Nitrous acid (HONO) observations during the Uintah Basin Wintertime Ozone Studies (UBWOS) and the Wintertime Investigation of Transport, Emission, and Reactivity (WINTER) study: sources, measurements interferences, and implications beyond.

Wednesday, 16 December 2015: 17:15
3010 (Moscone West)
Patrick R Veres1,2, James M Roberts3, Sergio Luiz Alvarez4, Timothy S Bates5, Steven S Brown3, Peter Edwards6, James H Flynn III4, Joost A De Gouw3, James E Johnson7, Ben H. Lee5, Barry L Lefer8, John Liggio9, Felipe Lopez-Hilfiker5, Patricia Quinn10, Jochen Stutz11, Joel A Thornton12, Jui Yi Tsai11, Jeremy J B Wentzell13, Robert J Wild14 and Bin Yuan3, (1)Earth System Research Laboratory, Chemical Sciences Division, Boulder, CO, United States, (2)Cooperative Institute for Research in Environmental Sciences, Boulder, CO, United States, (3)NOAA Boulder, Boulder, CO, United States, (4)University of Houston, Houston, TX, United States, (5)University of Washington Seattle Campus, Seattle, WA, United States, (6)University of Leicester, Leicester, United Kingdom, (7)NOAA PMEL, Seattle, WA, United States, (8)NASA Headquarters, Washington, DC, United States, (9)Environment Canada Toronto, Toronto, ON, Canada, (10)NOAA Pacific Marine Environmental Laboratory, Seattle, WA, United States, (11)University of California Los Angeles, Los Angeles, CA, United States, (12)Univ Washington - Seattle, Seattle, WA, United States, (13)Environment Canada, Toronto, ON, Canada, (14)Colorado University/NOAA/ESRL, Boulder, CO, United States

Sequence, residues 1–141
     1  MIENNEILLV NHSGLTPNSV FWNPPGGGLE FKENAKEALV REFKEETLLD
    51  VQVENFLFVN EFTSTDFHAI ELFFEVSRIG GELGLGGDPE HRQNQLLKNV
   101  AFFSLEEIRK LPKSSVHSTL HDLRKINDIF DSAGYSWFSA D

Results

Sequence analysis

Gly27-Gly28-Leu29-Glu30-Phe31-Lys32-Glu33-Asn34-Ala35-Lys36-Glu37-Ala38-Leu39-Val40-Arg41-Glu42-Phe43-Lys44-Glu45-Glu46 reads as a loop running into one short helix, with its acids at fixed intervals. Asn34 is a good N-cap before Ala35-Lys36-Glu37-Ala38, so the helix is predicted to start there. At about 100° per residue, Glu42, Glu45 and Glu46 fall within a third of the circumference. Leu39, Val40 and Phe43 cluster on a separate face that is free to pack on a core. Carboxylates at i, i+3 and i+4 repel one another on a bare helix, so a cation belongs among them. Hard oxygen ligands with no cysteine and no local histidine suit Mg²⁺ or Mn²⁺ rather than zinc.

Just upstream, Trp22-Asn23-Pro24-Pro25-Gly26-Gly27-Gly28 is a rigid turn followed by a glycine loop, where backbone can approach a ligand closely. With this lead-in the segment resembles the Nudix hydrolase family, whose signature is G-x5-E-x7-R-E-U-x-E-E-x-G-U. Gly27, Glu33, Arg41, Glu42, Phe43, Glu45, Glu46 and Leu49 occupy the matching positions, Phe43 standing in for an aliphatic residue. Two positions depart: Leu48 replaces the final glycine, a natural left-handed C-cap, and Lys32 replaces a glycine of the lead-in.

Recent work has highlighted HONO as a strong daytime source of OH radicals though a general lack of consensus exists with respect to the sources and overall impact of HONO photolysis on daytime radical budgets. Improvements in atmospheric HOx and NOx budgets, and therefore daytime HONO constraints, are necessary to improve air quality control strategies in adversely affected regions. In this presentation HONO measurements made using multiple collocated instruments during the UBWOS 2013 and 2014 field studies will be discussed. These results suggest that our ability to measure HONO is heavily dependent on our understanding of sampling artifacts, measurement interferences, and background determinations. We also present mid-latitude tropospheric observations of HO2NO2, as high as 1.5 ppbv, that coincide with the observed maxima in daytime HONO. These coinciding observations of both HONO and HO2NO2 will be presented with a particular emphasis on potential vertical gradients, surface chemistry, and daytime budgets. Results of this work may be relevant to interpretation of HONO observations in a range of environments from clean arctic to relatively polluted urban summertime regions. Measurements of HONO from the Wintertime Investigation of Transport, Emission, and Reactivity (WINTER) project in 2015 will be shown for comparison.